In a Greek Detention Center, an Official Uses TV to Teach Prisoners

Good News Notes:

The director of a detention center in Greece is using television to teach the young men there who have no other way to get an education.

Petros Damianos is the director of the school at Greece’s Avlona Special Youth Detention Center. He started the school in 2000. The men held at the detention center are between the ages of 18 to 25. Attendance at the voluntary school became popular. By September 2020, 96 percent of the prisoners had signed up.

Students can earn graduation certificates similar to any Greek school. Teaching follows the national rules for education from grade school up to college levels.

But, in-person classes were canceled because of restrictions meant to prevent the spread of the new coronavirus. In addition, internet connections are not permitted at the center. So, Damianos decided to create a TV channel to teach the young men

‘Our teachers couldn’t reach the kids like they reach all other kids in Greece,’ said Damianos. ‘This was a big problem, a very big problem that seemed almost insurmountable.’

Education can be an important tool that prisoners can use to improve their lives. Many of Avlona’s prisoners have never graduated and or even completed early grades.

‘Our students are those who…before they got to prison, the education system expelled them,’ Damianos said. ‘These kids are kids we didn’t catch in time. To whom we as a society, when we should have, didn’t give what we should have given.’ With the help of friends with technical knowledge, Damianos was able to create a TV channel to broadcast classes.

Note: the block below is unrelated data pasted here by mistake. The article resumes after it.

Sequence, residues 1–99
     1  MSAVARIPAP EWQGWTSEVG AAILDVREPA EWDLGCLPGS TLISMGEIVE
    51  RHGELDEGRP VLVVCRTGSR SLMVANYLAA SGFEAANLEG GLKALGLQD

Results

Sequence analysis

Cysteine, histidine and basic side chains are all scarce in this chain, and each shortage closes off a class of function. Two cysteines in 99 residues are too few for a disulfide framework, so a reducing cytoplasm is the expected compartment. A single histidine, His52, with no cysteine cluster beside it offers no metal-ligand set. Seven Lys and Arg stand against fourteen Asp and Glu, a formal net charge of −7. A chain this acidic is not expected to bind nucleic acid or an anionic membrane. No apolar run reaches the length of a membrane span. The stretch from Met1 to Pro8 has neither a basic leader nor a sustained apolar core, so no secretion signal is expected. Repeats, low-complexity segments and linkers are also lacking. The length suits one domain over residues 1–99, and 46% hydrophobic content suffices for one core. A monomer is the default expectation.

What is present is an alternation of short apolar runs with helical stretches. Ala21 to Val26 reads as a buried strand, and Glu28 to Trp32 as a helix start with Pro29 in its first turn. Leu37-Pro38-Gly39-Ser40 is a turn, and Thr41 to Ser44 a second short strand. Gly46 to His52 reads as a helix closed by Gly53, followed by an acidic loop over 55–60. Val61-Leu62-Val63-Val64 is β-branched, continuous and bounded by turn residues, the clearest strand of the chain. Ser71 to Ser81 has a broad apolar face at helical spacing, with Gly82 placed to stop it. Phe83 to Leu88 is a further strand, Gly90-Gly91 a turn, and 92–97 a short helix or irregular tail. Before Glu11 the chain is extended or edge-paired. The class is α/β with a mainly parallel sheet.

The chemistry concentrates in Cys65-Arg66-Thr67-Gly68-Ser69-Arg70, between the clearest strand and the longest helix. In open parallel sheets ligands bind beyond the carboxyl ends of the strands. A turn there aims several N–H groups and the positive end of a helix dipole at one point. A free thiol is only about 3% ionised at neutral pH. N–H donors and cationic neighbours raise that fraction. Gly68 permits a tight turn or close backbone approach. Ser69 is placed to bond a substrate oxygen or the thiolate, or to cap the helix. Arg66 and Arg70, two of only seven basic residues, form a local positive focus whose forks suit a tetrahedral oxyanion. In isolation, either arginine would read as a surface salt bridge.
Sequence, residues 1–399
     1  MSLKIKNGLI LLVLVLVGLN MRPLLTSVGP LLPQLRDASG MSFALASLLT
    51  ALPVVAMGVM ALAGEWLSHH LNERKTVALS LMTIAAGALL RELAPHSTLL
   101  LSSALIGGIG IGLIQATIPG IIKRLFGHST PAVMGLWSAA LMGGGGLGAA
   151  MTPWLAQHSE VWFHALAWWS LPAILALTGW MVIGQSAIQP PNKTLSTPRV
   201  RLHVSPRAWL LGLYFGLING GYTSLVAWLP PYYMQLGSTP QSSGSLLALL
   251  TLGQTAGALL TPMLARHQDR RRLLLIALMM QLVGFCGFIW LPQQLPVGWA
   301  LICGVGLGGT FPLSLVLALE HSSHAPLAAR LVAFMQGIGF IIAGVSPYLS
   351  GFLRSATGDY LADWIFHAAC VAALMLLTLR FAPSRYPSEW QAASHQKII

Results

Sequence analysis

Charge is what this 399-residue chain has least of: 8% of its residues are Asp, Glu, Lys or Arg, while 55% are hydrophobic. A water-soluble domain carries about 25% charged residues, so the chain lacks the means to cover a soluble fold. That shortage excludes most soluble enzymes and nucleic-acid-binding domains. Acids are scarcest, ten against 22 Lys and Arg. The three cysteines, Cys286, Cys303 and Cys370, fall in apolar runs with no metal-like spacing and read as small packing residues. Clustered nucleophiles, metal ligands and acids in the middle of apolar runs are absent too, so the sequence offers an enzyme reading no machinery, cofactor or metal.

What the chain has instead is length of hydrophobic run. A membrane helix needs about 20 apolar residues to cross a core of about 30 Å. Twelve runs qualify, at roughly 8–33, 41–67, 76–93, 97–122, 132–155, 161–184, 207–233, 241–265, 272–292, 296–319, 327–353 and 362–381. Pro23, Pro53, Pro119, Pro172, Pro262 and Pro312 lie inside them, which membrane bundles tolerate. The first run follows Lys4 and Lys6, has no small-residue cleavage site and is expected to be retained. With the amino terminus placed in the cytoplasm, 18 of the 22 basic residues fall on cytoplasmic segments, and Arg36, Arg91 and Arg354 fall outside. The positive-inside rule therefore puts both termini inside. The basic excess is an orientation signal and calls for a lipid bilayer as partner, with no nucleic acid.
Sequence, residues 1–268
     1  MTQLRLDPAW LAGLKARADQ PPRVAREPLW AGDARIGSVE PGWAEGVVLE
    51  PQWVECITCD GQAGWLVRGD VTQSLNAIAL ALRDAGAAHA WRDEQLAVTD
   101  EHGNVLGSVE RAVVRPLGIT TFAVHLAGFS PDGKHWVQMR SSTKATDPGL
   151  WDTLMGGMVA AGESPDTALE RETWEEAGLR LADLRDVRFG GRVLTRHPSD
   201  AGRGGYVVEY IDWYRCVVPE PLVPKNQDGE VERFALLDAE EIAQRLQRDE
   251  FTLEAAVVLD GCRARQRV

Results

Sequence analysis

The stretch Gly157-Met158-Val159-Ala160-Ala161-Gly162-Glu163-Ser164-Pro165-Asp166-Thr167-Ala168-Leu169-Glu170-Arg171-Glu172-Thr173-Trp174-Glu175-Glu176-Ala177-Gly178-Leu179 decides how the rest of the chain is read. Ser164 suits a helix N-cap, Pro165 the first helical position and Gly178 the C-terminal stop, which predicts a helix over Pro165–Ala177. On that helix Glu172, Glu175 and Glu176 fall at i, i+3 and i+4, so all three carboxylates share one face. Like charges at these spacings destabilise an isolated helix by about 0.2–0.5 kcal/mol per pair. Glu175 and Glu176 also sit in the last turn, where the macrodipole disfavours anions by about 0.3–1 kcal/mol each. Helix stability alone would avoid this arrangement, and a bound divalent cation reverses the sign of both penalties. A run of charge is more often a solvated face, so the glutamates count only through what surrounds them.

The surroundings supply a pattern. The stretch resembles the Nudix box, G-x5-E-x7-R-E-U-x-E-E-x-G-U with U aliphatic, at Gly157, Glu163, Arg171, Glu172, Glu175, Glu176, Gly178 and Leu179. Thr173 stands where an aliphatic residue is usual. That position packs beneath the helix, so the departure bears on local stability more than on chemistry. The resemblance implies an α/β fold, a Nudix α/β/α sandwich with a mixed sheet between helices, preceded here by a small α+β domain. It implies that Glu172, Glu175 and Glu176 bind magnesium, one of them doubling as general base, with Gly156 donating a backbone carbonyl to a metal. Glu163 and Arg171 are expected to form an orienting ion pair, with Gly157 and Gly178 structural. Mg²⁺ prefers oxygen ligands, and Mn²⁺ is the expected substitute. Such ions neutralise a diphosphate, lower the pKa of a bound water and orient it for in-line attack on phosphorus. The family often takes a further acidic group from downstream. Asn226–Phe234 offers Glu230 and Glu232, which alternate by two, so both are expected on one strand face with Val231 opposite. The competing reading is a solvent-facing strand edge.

Nikos Karadosidis is Avlona’s music teacher. He used his experience from technical work on musical performances and YouTube teaching videos to learn how to use the equipment for the channel. ‘I very quickly realized that this whole thing is essentially DIY,’ Karadosidis explained. ‘Do it yourself, with whatever materials you have, with whatever tools you have, to try to do the best you can.’

With the help of donations, volunteers and online orders, the employees collected the equipment they needed. A classroom in the prison was changed into a studio with a video camera.

One month later, the channel was ready. It was named Prospathados TV, which means ‘Trying TV’ in the Greek language. The prisoners could watch the new channel on their televisions.

The first program was a half-hour math class. Now the channel operates 24 hours a day. It continuously shows six hours of pre-recorded classes during the week, and eight hours of classes on the weekend. Teachers record new classes each day with subjects like math, economics and music. Karadosidis works at night and broadcasts the classes the next day.”

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